With the pandemic came a sea change in the way we work. Most of us went from commuting into the office every day to hunkering in place, setting-up makeshift desks which became permanent home offices.
As strategies to keep the virus at bay were implemented, fears were alleviated and companies began inviting workers back to the office. Some, like Goldman Sachs, mandated the return to office five days a week. Others kept the work-from-home policy in place. Dropbox went completely virtual. Twitter made remote work optional. And the majority of employers rolled out a hybrid workplace model which asked employees to come into the office a few days a week — a win-win for both employees and employers — or so it seemed.
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According to Robin, a workplace experience software provider, the reactions to the hybrid working model have been mixed. Apple, which trickled in a three-day, in-office workweek, offended some employees who complained about commute times. Bay Area Google employees protested that their return-to-office plan, which entails at least three days per week in the office, is unfair and felt arbitrary.
A survey conducted by The Partnership for New York indicated that among Manhattan-based firms with fewer than 500 employees, 53% of employees have returned to the office on the average weekday. Among firms with more than 5,000 employees, 31% of employees are currently in the office on the average weekday.
Why the reluctance to come back to the office in a hybrid fashion? One of the biggest issues Robin’s research uncovered with the hybrid model was that employees didn’t have a say. When the pandemic forced them to work from home, they adjusted and rejiggered their lives to accommodate this unforeseen event. Then,18 months later, they were asked to flex their schedules again, upending the routine they had become accustomed to.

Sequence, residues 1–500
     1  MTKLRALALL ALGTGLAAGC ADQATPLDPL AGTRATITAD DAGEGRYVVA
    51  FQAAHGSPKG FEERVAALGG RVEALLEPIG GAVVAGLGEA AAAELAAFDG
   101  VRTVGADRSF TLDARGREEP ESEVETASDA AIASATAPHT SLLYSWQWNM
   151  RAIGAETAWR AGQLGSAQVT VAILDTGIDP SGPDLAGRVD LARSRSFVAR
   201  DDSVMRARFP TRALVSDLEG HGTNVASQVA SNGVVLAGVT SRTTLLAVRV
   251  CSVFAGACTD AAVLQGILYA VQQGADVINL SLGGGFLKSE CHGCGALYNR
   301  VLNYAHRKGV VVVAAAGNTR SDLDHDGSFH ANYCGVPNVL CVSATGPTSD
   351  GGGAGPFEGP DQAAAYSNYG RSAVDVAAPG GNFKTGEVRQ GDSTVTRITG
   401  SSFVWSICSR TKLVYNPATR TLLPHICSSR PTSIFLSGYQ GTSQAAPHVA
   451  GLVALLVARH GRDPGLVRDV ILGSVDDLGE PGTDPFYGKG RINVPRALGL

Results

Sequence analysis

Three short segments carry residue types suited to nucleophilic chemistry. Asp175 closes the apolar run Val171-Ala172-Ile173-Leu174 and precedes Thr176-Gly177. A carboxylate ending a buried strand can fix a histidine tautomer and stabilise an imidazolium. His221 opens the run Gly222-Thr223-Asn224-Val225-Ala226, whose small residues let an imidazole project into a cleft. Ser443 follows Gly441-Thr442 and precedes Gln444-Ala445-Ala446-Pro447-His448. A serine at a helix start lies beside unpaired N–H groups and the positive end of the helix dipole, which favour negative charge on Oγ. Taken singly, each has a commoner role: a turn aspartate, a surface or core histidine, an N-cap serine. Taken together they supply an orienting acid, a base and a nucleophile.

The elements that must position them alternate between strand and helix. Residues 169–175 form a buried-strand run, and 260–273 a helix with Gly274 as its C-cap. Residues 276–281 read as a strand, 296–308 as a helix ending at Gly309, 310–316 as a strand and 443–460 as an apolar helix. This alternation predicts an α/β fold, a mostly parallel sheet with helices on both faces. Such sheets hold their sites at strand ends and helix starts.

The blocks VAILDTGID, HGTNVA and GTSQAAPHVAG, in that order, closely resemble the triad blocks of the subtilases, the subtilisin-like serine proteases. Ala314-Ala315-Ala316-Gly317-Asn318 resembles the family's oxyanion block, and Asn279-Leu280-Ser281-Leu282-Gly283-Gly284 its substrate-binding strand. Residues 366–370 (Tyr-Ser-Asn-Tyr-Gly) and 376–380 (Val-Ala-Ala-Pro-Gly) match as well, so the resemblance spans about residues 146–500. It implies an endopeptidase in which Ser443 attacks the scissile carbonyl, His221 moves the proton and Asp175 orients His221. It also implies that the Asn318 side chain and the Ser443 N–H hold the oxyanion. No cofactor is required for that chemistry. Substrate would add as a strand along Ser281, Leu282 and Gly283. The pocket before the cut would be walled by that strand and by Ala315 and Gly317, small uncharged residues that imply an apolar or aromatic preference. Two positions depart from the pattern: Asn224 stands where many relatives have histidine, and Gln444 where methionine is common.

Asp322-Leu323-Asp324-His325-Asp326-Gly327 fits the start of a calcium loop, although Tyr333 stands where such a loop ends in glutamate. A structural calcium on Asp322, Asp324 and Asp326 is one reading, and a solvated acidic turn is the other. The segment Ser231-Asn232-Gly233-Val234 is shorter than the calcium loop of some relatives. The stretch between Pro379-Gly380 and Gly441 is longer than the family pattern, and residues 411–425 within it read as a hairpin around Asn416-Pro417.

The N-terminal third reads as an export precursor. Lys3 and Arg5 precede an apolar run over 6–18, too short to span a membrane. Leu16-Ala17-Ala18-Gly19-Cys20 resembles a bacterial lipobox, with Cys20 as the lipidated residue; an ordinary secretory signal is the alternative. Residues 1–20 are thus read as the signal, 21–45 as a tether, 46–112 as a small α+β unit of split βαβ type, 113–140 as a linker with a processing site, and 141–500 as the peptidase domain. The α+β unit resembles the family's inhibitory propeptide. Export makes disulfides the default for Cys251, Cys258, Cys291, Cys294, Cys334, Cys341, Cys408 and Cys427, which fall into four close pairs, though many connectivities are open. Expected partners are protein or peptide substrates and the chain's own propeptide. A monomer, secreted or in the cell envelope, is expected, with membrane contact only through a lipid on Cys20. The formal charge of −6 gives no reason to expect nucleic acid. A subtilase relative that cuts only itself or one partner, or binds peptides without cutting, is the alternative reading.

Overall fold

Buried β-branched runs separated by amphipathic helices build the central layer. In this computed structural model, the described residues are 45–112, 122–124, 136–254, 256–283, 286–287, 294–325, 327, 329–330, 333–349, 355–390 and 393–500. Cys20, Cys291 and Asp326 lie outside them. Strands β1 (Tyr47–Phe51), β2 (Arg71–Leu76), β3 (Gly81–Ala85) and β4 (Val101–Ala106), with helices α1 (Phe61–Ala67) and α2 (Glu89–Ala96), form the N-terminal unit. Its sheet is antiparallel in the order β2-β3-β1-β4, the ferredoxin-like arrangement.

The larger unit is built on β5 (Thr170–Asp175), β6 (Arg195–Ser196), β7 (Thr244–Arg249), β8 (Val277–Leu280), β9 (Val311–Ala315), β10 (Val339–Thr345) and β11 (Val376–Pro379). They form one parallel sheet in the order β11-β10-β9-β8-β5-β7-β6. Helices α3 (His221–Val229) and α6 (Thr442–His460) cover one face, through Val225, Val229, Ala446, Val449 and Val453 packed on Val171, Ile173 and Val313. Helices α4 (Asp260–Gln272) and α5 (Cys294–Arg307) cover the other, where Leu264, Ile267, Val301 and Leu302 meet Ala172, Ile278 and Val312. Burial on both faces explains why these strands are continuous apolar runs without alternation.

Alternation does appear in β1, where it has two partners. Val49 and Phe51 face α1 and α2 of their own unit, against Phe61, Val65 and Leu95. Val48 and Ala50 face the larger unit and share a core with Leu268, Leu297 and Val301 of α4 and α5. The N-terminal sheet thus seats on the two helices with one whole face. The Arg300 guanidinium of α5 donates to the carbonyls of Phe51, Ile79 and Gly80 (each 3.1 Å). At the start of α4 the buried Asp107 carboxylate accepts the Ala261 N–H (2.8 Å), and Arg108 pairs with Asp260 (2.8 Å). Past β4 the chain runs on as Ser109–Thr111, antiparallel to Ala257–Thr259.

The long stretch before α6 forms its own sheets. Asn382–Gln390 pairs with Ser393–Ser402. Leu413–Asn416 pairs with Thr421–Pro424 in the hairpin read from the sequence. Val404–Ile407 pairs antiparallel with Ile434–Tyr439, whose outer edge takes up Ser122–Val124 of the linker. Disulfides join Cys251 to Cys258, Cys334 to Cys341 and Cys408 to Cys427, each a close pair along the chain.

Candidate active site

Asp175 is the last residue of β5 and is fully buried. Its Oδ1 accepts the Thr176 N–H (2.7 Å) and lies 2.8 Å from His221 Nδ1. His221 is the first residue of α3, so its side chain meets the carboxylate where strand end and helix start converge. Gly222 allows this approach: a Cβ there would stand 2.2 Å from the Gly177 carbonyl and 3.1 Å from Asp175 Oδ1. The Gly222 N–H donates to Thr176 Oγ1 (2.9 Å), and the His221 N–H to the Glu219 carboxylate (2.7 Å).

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What was supposed to be a solution to make employees happy, made them feel affronted, costing companies lost talent, bad publicity, and internal upheaval. So how can employers get the hybrid working model right?
- Be Inclusive: Include employees in the decision-making process and let them have a say in their daily work routine. Have them work with management to come up with a schedule that suits their individual needs while benefiting the team. Microsoft is leading the way by having employees adopt the working preferences they’ve agreed upon with their managers
- Be Flexible: Hybrid work is about adaptability and empowerment. It is about juggling personal responsibilities, such as picking up the kids from school, with work deliverables. Management needs to bend and flow with their teams. As long as the work is getting done, let employees make their own choices. When they feel empowered to work where they want, they’ll be more productive.
- Be Transparent: Communication is key to a successful hybrid working model. When the team is spread out across offices, be it at home or in a corporate setting, it is critical to have clearly defined goals that state expectations. Put mechanisms in place — communication strategies, weekly check-ins, monthly all-hands meetings — to ensure that team members can rely on each other. By creating a feedback loop, each person and the team can work more effectively.
- Be Current: According to Fast Company, “businesses should invest in their office technology” to support hybrid work. This includes using workplace analytics to gain insight into how spaces are being used. Companies should also make sure conference rooms are wired with the right equipment to make remote workers feel part of the team. It may also mean having branded Zoom backdrops to present a united front, offering sit-stand desks and other ergonomic solutions for at-home work, and upping employees' data plans.
The right hybrid, return-to-office plan can create a work environment that fosters creativity and productivity while empowering employees. With employee health and wellness a key driver to success, establishing a work routine that meets staff’s needs is a must.
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